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If you look up to the sky in public parks these days, the chance of seeing a consumer drone is becoming more likely with each passing year. Whether it is an entry-level helicopter or a high-end model for the serious hobbyist, remote-controlled devices have something for everyone in all price ranges this holiday.

But remember when choosing a drone, it must be less than 35 kilograms and used for recreational purposes, otherwise you need to get a permit from the government. Transport Canada also recommends it shouldn’t be flown closer than nine kilometres from an airport or higher than 90 metres from the ground.

Here are a few options in various price ranges that should scratch that consumer-drone itch.

DJI Phantom 3 Professional Quadcopter Drone, above

Starts at $1,700

Go big or go home? This high-end consumer drone is new this year from DJI and boasts a 4K high-definition camera, meaning it can shoot video at four times the resolution of the average HD television. Yes, televisions capable of playing that high of resolution are not the norm yet, but it still works just fine on old screens and at least you are future-proofed. (You can also opt for a 1080p or HD version at $200 less.)

As for the drone itself, it is sturdy and feels like it can handle a bit of a beating (though not recommended). It can reach speeds up to almost 60 kilometres an hour and even has a training simulator for your computer if you are not comfortable risking your hard-earned cash as a rookie pilot.

DJI says the new propulsion mechanisms on this model make for a smoother (and easier) flying experience, and it certainly seems that way with more fluid video and movement.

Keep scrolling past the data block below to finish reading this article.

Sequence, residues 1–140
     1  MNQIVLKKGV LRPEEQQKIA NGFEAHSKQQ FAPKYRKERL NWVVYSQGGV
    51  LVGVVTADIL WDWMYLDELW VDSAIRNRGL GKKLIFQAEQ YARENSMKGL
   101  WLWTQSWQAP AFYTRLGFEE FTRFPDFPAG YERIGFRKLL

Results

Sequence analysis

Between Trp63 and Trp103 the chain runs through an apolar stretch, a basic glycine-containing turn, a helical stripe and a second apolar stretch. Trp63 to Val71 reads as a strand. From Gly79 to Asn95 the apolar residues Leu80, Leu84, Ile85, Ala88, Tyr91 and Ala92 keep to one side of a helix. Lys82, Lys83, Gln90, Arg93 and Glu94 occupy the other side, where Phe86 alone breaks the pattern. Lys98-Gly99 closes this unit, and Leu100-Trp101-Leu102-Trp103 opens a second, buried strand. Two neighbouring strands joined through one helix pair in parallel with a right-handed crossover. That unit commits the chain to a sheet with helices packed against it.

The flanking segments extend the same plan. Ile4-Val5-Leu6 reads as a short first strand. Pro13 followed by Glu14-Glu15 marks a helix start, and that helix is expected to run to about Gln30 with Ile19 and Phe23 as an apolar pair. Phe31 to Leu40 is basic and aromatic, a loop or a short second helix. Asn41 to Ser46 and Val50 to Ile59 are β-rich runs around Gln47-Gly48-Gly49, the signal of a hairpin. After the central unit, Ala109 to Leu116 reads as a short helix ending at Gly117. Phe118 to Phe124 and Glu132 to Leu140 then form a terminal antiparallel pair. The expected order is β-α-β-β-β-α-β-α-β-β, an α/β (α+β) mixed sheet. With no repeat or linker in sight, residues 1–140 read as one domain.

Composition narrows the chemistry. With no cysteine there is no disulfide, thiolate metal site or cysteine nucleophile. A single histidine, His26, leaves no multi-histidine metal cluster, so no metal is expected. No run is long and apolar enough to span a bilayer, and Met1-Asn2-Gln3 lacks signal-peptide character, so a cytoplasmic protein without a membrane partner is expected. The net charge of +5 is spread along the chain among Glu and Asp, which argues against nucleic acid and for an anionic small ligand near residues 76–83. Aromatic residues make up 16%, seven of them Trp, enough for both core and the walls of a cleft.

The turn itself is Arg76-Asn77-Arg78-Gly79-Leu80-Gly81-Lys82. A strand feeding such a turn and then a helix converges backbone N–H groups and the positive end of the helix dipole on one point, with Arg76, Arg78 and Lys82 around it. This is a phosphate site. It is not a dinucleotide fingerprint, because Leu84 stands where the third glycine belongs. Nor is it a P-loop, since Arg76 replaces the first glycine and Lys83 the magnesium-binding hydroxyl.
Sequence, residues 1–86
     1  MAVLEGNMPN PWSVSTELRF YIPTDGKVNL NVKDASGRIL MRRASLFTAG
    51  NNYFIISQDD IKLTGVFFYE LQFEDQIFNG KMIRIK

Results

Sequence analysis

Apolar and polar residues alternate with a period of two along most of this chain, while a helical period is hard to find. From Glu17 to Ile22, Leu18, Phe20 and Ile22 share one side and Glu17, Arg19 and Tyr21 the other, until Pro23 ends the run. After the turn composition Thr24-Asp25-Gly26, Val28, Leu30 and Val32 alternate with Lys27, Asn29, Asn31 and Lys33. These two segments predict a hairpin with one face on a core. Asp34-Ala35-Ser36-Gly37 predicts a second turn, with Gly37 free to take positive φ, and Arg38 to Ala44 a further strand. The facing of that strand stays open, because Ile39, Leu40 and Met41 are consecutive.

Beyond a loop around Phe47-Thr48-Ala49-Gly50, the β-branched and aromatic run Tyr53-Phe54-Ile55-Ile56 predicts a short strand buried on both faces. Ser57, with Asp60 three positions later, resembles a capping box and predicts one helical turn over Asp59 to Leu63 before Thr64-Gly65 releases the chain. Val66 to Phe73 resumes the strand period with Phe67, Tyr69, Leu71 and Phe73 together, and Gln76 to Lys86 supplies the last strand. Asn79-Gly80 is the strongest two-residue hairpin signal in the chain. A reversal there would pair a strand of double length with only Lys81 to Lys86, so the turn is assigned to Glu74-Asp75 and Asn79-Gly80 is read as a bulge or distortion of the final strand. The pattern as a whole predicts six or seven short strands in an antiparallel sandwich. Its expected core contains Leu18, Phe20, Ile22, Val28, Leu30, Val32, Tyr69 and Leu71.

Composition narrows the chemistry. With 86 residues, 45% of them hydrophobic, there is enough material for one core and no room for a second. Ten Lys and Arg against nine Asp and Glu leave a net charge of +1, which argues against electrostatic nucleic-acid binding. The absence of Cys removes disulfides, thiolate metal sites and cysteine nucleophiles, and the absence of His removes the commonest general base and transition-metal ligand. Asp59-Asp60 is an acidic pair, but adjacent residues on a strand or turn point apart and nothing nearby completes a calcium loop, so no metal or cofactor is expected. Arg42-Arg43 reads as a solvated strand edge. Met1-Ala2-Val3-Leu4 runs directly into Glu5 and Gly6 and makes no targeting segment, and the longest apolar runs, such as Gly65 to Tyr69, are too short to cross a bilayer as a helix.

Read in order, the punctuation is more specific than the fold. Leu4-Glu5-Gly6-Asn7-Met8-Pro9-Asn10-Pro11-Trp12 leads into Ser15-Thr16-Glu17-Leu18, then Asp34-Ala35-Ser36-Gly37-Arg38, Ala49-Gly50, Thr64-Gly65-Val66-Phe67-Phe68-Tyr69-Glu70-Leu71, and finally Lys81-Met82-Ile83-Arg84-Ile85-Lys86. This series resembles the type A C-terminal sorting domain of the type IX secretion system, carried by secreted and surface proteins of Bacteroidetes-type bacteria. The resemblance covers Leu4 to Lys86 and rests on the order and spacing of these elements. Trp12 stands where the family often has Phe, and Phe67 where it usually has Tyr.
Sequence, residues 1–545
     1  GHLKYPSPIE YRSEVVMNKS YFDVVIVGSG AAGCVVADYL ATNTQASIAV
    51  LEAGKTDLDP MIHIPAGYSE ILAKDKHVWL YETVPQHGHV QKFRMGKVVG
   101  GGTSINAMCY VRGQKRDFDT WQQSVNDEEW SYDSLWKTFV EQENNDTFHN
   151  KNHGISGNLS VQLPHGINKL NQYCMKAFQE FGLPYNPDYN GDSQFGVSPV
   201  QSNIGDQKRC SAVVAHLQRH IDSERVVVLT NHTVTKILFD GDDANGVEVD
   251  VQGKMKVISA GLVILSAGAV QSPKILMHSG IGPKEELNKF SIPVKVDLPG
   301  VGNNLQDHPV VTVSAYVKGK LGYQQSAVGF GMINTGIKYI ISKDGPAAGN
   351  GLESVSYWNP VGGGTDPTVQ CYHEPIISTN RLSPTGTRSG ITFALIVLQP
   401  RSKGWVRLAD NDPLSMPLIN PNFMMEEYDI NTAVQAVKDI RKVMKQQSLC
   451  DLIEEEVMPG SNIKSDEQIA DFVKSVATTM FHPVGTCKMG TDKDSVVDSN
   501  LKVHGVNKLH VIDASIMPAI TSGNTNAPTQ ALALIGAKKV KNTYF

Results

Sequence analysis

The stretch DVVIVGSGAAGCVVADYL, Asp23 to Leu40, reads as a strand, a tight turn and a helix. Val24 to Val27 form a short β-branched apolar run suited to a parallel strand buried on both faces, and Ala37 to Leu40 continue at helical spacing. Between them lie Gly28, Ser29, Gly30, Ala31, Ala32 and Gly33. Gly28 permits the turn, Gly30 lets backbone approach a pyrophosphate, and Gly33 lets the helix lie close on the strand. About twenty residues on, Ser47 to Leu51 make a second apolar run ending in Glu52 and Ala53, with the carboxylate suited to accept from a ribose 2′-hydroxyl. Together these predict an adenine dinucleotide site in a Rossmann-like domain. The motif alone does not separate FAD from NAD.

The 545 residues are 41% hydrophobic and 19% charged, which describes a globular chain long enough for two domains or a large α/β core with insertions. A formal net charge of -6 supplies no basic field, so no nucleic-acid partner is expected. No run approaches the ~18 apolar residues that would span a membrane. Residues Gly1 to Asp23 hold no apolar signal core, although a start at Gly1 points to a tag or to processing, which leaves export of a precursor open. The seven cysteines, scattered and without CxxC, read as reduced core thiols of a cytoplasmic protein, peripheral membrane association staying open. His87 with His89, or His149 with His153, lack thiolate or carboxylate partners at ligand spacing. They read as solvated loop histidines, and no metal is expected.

The battery can get about 23 minutes of flying time per charge, which may not seem like a lot but it’s actually fairly impressive considering all that this drone can do.

Parrot Bebop Quadcopter Drone with camera and controller bundle

Starts at $1,200

Drones with cameras are a fast-growing segment of the category and can be especially fun for getting those unique shots, but most people don’t need 4K-quality yet. Parrot has an excellent option for those who just want to capture 1080p HD video.

The Bebop Quadcopter focuses more on control, with a unique two-handed smartphone and tablet dock included in this bundle that puts your smart device of choice in its centre. You can get a first-person view of what the drone sees, shoot video, take 14-megapixel pictures and more. If you don’t want to use the fun controller, you can also download an app to just control it on your phone or tablet. What’s really neat, though, is its onboard computer that lets you create flight plans.

Parrot stresses safety with this unit, saying it is built from lightweight material that makes it strong and suitable for even indoor flying. There is an emergency mode that will quickly stop the drone in its path, plus a home button that will tell it to return to its takeoff location and then hover two metres off the ground.

It has a built-in GPS, sensors for stabilization and can get surprisingly far range thanks to its WiFi antennas. It’s pricey, but you get a lot for your buck and about 22 minutes of flying time for each charge.

DJI Phantom 2 V3.0 Quadcopter Drone

Starts at $675

Not everyone wants a camera on their drone, but they still want impressive technology to play with. DJI has an older model of the previously mentioned Phantom 3 for sale but without the expensive camera and stabilized camera mount. You can always add them later for a hefty price tag, with the additional GoPro system costing about $400 (without the camera), though many won’t want to.

This Phantom 2 doesn’t have some of the extras of the Phantom 3, such as the bigger battery or better stabilization, but it does have the much lower price tag. It still has a GPS inside, which allows for an autopilot, altitude lock and stable hovering. You can also tell it to return home at the tap of a button, or it will do so automatically if the controller is suddenly disconnected.